• Hide the dummy tool object attached to the tool stand.
  • Show the tool attached to the robot flange.

Where to Find a Working Example

The best way to understand this process is to see it working in action.

Let’s use a real example that user RBE posted on our forum. They were using a tool changer to deposit a tool onto a tool stand. They had programmed the robot to move to the tool stand, then deactivate the tool. But, nothing changed visually in the simulation. The tool was still attached to the robot, and nothing was hanging on the tool stand.

Dummy tool

This is a perfect example where the program would work properly on a real robot, but looked wrong in the simulation.

Jeremy (a RoboDK admin) provided a solution to this issue which involved the steps I’ve laid out above. RBE just needed to hide the tool at the same time as they made the dummy tool visible on the tool stand.

Sign up to the forum yourself and you can download Jeremy’s project file to see how was done.

How would a tool changer improve your application? Tell us in the comments below or join the discussion on LinkedIn, Twitter, Facebook, Instagram or in the RoboDK Forum.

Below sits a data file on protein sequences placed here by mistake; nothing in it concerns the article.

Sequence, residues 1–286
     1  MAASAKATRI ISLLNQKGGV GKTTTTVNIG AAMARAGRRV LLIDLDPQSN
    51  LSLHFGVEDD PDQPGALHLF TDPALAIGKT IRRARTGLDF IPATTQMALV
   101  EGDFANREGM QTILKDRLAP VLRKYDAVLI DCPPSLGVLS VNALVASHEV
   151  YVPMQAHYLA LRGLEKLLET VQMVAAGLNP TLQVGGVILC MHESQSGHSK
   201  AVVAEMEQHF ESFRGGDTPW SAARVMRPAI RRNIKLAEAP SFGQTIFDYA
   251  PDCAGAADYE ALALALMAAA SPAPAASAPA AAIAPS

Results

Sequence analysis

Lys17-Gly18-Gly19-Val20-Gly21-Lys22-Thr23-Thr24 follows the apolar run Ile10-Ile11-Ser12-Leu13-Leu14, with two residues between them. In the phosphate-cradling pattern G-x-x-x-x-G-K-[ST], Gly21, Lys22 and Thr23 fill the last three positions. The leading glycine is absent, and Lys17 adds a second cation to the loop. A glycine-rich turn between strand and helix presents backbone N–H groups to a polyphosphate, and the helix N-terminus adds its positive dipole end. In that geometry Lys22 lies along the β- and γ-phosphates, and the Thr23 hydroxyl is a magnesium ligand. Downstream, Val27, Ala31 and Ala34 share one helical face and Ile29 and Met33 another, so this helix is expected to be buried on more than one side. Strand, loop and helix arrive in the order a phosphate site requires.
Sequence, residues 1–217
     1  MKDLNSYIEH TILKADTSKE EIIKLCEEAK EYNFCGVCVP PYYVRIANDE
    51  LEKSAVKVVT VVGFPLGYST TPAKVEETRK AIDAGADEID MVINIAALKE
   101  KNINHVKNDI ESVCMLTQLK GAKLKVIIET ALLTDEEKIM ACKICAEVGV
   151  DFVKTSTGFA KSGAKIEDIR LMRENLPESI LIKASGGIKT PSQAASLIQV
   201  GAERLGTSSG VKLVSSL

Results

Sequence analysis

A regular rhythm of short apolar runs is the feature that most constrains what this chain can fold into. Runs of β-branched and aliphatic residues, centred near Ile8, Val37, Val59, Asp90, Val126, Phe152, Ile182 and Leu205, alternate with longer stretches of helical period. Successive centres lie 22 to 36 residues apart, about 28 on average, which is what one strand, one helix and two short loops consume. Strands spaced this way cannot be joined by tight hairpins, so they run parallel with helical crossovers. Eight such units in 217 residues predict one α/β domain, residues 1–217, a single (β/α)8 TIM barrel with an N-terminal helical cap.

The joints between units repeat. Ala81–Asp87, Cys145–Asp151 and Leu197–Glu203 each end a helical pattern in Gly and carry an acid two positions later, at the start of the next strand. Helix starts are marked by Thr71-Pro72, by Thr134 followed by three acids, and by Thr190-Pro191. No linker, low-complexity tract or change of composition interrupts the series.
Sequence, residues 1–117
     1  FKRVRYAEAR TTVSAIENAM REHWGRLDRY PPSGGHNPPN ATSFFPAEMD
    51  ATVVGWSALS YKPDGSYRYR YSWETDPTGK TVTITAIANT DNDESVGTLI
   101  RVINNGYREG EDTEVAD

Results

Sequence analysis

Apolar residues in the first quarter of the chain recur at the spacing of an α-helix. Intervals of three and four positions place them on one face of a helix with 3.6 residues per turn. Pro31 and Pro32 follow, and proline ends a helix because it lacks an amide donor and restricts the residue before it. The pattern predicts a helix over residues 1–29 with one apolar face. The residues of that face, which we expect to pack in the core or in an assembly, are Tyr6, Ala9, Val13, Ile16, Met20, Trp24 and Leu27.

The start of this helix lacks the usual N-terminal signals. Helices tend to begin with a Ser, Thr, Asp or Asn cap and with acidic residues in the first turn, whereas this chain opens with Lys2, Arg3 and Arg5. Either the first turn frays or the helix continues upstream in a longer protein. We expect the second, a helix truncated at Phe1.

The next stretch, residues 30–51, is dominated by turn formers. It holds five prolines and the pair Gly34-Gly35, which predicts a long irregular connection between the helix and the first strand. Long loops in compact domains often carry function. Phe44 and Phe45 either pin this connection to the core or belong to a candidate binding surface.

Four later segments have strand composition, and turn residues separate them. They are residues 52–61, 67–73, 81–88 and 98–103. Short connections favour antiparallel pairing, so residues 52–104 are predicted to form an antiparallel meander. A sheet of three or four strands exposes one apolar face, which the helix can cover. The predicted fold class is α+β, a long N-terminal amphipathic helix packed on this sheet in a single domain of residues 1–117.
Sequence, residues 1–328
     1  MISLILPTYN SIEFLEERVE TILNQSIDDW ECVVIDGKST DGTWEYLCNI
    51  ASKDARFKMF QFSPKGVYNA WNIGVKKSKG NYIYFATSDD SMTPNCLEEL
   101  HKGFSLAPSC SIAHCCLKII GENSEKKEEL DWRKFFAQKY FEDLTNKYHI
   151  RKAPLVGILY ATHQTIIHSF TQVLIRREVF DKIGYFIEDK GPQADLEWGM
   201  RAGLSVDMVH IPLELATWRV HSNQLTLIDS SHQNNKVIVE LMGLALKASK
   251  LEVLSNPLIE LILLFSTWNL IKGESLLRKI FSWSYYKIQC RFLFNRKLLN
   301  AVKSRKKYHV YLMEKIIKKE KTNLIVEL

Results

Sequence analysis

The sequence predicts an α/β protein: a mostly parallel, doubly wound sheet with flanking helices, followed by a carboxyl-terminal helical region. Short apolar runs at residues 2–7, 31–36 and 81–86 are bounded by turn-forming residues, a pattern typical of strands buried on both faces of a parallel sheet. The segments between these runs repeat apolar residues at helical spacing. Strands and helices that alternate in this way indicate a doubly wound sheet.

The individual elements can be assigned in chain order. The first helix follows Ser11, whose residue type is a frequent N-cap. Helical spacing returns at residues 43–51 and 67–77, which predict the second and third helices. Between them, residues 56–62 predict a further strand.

Alex Owen-Hill

About Alex Owen-Hill

Alex Owen-Hill is a freelance writer and public speaker who blogs about a large range of topics, including science, presentation skills at CreateClarifyArticulate.com, storytelling and (of course) robotics. He completed a PhD in Telerobotics from Universidad Politecnica de Madrid as part of the PURESAFE project, in collaboration with CERN. As a recovering academic, he maintains a firm foot in the robotics world by blogging about industrial robotics.

View all posts by Alex Owen-Hill